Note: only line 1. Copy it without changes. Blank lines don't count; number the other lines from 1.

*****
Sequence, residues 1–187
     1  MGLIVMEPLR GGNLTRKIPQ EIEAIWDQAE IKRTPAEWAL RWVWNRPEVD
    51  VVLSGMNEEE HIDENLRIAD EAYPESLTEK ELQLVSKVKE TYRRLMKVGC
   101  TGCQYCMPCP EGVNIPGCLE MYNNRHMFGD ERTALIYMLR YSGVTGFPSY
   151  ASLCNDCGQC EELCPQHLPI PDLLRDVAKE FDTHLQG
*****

Sequence, residues 1–187